The FiveThirtyEight Elections podcast will also be publishing new episodes daily until the election starting today. Additionally, the show will continue past November 8 on a weekly schedule “through at least Inauguration Day.”
I’m told that there is no systematic plan to increase the output of Slate’s Trumpcast, which already publishes on a semi-daily basis. When I asked Steve Lickteig, executive producer of Slate podcasts if the show will continue past the big day, he told me: “If there is a peaceful transition of power, Trumpcast will do one or two wrap-up shows. If it gets contentious, stay tuned!” The podcast reportedly draws one million monthly downloads and considered internally to be one of the most popular podcasts in Slate’s history, according to Digiday.
The Ringer’s Keepin’ It 1600, consumed by many as therapy, will “likely” continue past November 8. It has already shifted to a twice-a-week publishing schedule.
As always, much love to all the producers of these podcasts that are putting in the extra physical, mental, and emotional energy to stay close to the news cycle. It’ll be over soon, folks. (Or will it?)
A New Lab, A Podcast Strategy? Last Wednesday, NPR announced an expansion and restructuring of its Storytelling Lab, its internal innovation incubator launched last June. Nieman Lab has the full story on the new lab, of course, you should totally check out. But at high level, you should know the following:
The lab has been renamed as “Story Lab,” and its structure has shifted from an incubator to what’s being called a “creative studio” — hey, nomenclature is important and words have meaning, folks. According to the related press release, the studio’s articulated aim is to “support innovation” across the organization, “increase collaboration” with member stations, and better identify talent.
The initiative will apparently also be “investing in training, audio workshops and meetups,” which is a pretty solid idea, given that the supply chain for talent in the space seems deeply underserved at this point in time.
The release also noted that the Lab is funding three pilots, which is cool, though the pathway to full seasons and distribution for those pilots remain to be seen.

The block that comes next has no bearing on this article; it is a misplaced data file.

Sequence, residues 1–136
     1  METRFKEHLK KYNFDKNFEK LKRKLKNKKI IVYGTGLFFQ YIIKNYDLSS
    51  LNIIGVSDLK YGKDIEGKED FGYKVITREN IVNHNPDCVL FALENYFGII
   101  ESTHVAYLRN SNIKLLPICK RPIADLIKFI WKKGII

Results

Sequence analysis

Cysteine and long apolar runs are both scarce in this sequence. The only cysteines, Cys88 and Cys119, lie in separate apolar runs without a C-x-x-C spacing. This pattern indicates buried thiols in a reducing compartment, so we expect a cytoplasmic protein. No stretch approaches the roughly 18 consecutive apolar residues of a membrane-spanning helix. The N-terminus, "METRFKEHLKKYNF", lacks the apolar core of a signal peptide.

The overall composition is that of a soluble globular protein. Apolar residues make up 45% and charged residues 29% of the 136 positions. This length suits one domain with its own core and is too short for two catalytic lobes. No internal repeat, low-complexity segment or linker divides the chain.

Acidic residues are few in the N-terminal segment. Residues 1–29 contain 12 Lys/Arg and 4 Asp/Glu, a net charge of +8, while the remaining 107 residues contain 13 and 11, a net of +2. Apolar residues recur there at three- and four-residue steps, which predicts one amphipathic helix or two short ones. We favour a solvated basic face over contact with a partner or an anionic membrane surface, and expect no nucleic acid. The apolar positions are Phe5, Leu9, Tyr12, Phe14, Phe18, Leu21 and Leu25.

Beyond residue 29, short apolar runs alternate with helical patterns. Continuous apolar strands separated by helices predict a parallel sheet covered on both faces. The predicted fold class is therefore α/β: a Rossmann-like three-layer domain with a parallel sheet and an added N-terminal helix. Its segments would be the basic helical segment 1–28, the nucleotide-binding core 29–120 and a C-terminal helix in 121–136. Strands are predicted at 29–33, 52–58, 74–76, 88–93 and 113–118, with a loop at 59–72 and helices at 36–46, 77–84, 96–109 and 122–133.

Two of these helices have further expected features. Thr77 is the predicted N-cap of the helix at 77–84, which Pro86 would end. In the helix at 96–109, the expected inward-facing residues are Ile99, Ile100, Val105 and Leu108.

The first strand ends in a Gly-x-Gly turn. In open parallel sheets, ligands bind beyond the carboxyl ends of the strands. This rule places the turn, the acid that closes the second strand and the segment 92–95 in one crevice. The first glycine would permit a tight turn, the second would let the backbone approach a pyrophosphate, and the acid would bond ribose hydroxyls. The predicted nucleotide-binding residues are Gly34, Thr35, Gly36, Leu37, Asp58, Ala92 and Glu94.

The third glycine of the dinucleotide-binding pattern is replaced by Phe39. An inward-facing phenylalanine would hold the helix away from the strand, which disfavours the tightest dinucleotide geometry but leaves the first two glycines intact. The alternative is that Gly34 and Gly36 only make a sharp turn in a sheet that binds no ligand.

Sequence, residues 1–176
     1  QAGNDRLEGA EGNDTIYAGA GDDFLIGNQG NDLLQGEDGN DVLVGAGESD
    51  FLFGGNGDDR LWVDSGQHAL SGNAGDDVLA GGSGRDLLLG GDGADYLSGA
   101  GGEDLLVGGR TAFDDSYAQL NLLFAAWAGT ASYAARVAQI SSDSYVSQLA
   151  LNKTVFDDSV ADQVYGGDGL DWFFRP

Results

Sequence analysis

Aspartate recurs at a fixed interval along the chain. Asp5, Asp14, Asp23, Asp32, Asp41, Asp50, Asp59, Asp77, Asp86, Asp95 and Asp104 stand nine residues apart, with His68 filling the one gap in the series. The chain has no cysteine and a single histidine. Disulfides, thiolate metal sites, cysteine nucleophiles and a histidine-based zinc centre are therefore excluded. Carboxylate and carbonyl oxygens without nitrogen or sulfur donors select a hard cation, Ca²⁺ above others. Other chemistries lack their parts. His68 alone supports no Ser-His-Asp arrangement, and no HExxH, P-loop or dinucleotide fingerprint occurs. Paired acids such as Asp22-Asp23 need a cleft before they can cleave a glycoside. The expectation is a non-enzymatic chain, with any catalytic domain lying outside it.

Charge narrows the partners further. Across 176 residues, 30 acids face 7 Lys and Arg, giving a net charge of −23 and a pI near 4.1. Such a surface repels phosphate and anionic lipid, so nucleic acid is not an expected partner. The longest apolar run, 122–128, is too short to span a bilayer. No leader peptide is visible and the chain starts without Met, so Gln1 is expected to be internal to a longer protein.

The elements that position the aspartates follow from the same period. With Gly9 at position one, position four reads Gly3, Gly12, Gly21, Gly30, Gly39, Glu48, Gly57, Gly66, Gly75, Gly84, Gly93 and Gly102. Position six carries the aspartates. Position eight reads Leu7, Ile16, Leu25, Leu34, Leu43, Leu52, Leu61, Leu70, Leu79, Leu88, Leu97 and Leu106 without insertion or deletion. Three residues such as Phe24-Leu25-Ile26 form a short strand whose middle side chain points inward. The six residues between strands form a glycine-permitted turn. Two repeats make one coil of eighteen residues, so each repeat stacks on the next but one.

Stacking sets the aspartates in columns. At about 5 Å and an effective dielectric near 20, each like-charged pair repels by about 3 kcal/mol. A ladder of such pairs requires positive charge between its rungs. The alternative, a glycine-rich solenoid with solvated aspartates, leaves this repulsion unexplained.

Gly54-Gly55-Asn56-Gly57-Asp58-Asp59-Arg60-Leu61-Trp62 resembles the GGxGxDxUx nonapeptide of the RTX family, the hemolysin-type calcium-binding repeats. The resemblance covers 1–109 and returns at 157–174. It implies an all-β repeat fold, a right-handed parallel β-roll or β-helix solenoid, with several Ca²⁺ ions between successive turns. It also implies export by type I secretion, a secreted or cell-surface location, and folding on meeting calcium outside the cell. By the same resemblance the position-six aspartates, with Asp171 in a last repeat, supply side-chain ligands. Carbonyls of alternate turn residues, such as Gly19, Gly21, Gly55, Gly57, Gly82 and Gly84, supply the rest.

The Story Lab announcement was followed shortly after by news of NPR’s ratings increase this season which, among other things, drew attention to the breaking of broadcast audience records by Morning Edition and All Things Considered as well as the fact that NPR One has grown by 124% year-over-year.
Cool news from the mothership, but when it comes to NPR and podcasts, I typically approach the situation with the following questions: what is the shape of its podcast strategy, how does it fit into the larger strategy, and what do these developments tell us about both of those things? From that framework, the Story Lab is clearer to me as a way for NPR to better capitalize on its ecosystem of potential talent than it is a focused strategy that says something explicit about how on-demand audio fits into NPR’s grand vision.
It may well be the case that there is a plan — or at least a theory — in place that isn’t being communicated at this point in time. “We don’t have a quota,” an NPR spokesperson said when I asked if the Story Lab had specific output benchmarks for pilot production. “We do have some internal goals about how many shows we want to pilot and launch, but we’re not ready to share those publicly.” What those are, and what they’ll be, is something we’re going to have to wait to find out.
An alternate narrative on the connected car dashboard? Two weeks ago, Uber announced an integration with Otto Radio, a commute-oriented audio and podcast curation app, that will serve riders with a talk programming playlist that’s dynamically constructed to fit their trips. PC Magazine has a pretty good description on how the experience enabled by the integration is supposed to work:
The next time you request a ride using the Uber app, a playlist of news stories and podcasts, perfectly timed for your trip’s duration, will be waiting for you in Otto Radio. Once your driver has arrived, you can sit back and enjoy your “personally curated listening experience and arrive at your destination up-to-date about the things you care about most,” the companies said.
Otto Radio is a quirky participant in the much larger fight among audio programming providers and platforms for the dashboard of the connected car — widely considered in the industry to be one of the biggest untapped frontiers — but this integration with Uber brings into the equation a potential transformation wrinkle in that dashboard struggle narrative: what does that fight mean in an environment where Uber looks to (a) contend for transportation primacy over car ownership and (b) push deeper into self-driving cars? In this rather likely version of the future, does the fight for the dashboard dissolve back into the fight for the mobile device?
Splish splash. The Times’ public editor Liz Spayd turned her attention to the organization’s nascent (or rather, re-nascent) podcast operations over the weekend, and her column contained a bunch of pretty interesting nuggets for close watchers of the Gray Lady, along with anybody working at a media organization thinking about podcasts.